Even if its classic architectural embellishments are confined solely to the facade, this freestanding, three-story town house commands attention on the eastern edge of downtown. It gains interest in being a known work by an architect whose efforts often seem to have been eclipsed by his sometime partners, Frederic Faris and Edward Franzheim.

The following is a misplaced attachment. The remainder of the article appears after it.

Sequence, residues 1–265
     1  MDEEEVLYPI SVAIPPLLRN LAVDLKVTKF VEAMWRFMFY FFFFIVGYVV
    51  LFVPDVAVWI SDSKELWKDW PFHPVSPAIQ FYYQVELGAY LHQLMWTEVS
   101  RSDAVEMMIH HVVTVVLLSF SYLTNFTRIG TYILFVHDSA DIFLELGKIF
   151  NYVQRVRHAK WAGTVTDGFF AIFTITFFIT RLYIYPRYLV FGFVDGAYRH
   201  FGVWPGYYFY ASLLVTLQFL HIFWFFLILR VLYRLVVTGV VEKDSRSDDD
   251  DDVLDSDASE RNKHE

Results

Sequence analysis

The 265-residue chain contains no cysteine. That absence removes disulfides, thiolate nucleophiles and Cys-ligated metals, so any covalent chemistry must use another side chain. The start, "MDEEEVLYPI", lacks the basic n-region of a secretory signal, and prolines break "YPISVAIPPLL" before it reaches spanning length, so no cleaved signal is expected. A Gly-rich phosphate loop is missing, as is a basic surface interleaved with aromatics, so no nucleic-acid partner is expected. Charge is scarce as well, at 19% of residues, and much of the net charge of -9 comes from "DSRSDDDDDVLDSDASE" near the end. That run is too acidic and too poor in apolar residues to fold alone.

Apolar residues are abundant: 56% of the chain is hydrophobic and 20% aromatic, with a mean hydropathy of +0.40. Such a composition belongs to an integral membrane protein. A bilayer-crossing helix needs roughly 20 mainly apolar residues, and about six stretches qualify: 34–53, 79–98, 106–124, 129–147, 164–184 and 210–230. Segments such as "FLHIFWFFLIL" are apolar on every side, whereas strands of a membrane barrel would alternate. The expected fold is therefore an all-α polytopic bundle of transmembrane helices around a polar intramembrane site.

The ornate front is of pressed brick, while the unadorned side walls are faced in regular brick. A first-floor Ionic portico is matched by three-quarter Ionic columns in brick that separate the five windows on the third floor. In between, an off-center polygonal wooden bay protrudes from the second story. The relatively calm exterior belies a sumptuous interior that contains tile flooring, oak paneling, lincrusta walls, and stained glass windows that light the stair hall during daylight hours. In the evening, a four-foot bronze female figure standing on the newel post takes up lighting duty. Marked “‘Orchidée,’ par Dubois,” she holds a threebranched light of orchids surrounded with abalone shells.